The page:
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I'm using a few gas sensors (MQ2, MQ3, MQ4, MQ5, MQ6, MQ7, MQ8, MQ9, and MQ135) to measure the air quality inside my home. These sensors have been calibrated to work within a specific concentration range (i.e. 200 - 10000ppm). Here's an example model from one of the datasheets: MQ2 Sensitivity Characteristics

Rs = Resistance of the Sensor

Ro = Resistance of the Sensor in Clean Air

An Arduino reads the values from the sensor. I then convert the Rs/Ro value to PPM using y = mx + b, where y = Log(Rs/Ro) and x = Log(PPM).

When concentrations are too low (<200ppm) or too high (>10000ppm), the Rs/Ro value falls outside the model. What should I do with the values that fall outside the model's range?

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  • $\begingroup$ As you state the senors are calibrated to operate for a specific range of values. Any value outside that range is unreliable/anomalous and should be ignored. $\endgroup$
    – Fred
    Mar 10 at 15:52
  • $\begingroup$ I agree, you can't rely on the sensor outside the published range of calibration. For non-critical uses you might choose to estimate slightly outside that range assuming the model would still be valid, or you could conduct your own calibration experiments at higher or lower concentrations. $\endgroup$
    – Andy M
    Mar 10 at 16:28
  • $\begingroup$ Thank you for replying to my question. I'll update my code to ignore the sensor readings that fall outside the calibrated range. $\endgroup$ Mar 11 at 0:04
  • $\begingroup$ Don't just ignore them. I'll add details in an answer. $\endgroup$ Mar 11 at 7:33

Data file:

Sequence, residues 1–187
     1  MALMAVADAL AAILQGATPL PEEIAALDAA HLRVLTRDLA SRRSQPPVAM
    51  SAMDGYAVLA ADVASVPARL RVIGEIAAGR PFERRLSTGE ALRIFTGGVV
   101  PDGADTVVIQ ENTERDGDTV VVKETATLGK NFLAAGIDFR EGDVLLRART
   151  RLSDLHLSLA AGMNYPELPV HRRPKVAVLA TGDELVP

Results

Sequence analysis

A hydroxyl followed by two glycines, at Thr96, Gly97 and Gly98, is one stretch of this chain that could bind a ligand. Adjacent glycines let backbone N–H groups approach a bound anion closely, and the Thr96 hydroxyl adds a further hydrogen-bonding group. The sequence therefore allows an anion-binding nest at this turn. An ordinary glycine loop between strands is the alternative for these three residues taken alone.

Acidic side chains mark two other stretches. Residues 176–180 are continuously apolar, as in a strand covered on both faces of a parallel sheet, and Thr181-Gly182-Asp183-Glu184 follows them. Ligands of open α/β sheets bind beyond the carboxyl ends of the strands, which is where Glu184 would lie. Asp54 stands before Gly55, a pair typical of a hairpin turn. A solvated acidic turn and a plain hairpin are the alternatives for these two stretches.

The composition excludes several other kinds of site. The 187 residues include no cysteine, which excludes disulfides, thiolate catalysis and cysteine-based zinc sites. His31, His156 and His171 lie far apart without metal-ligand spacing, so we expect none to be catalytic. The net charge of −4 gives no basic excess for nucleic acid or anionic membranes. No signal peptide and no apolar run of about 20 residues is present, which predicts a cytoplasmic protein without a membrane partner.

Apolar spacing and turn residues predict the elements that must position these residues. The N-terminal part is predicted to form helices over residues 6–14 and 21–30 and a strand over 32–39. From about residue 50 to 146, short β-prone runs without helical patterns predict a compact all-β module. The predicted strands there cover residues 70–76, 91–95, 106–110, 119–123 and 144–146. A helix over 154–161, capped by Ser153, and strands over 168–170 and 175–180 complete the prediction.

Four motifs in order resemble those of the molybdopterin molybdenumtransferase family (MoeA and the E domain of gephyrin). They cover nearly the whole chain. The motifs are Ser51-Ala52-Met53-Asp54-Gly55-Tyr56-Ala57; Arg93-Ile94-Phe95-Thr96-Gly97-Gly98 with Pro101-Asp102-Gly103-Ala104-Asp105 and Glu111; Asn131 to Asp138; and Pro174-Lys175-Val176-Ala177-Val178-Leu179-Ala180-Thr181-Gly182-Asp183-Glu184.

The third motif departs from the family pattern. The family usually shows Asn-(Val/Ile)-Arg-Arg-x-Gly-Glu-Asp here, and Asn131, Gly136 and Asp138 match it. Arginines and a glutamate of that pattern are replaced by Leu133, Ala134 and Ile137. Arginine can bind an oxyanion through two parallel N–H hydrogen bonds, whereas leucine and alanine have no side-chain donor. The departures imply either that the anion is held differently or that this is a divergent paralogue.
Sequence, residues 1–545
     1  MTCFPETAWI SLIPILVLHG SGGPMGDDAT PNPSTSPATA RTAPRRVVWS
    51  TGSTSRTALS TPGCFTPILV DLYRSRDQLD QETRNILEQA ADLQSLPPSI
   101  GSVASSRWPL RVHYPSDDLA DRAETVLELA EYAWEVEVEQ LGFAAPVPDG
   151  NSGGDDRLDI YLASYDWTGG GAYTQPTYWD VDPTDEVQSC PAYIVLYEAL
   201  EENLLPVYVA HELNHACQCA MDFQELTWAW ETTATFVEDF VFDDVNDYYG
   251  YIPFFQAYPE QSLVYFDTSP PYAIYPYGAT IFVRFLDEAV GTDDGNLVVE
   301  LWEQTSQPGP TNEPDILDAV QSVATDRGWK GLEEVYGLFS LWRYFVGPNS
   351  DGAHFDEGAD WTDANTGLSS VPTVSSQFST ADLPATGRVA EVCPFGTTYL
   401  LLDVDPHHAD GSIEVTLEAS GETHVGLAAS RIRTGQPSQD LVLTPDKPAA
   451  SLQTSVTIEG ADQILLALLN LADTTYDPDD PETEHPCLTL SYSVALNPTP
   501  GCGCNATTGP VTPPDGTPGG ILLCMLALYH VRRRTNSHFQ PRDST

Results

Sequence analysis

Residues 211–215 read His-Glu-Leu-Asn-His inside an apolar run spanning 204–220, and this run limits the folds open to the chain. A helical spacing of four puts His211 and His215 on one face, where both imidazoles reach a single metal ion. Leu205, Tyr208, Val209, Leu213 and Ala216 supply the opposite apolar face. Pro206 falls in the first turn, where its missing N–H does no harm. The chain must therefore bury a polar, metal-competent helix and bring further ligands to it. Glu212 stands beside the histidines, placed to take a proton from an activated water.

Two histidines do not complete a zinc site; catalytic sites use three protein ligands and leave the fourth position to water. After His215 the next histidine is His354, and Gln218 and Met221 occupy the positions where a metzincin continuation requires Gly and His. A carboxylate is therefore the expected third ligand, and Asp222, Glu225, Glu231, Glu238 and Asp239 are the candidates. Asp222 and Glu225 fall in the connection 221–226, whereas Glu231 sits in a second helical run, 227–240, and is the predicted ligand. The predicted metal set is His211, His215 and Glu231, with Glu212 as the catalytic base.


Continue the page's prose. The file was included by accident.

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I'll update my code to ignore the sensor readings that fall outside the calibrated range.

Do not do that. Instead flag them as off-scale low or off-scale high. Those off-scale low / off-scale high values might mean that the sensor is failing, or that the battery is about to die.

Or it could just mean that the sensor gave a one-off glitchy measurement. Sensors do do this, with great regularity. It is a good idea with regard to sensor processing to have a quality flag associated with the sensor. An occasional glitchy measurement is something one should expect. Rare glitchy measurements are best ignored, but still should be tracked. An excess of isolated glitchy measurements is an indicator of sensor / battery health.

On the other hand, an off-scale reading could well mean your house is about to burst into flames. Simply ignoring those off-scale readings is a bad idea.

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  • $\begingroup$ Thank you, David. I'll store the values when it's off-scale low or high and figure out how to visualize it so I can see how often the readings are off scale. Also, I'm using a 5V 10A power supply, so it won't be an issue with low power. $\endgroup$ Mar 12 at 18:31

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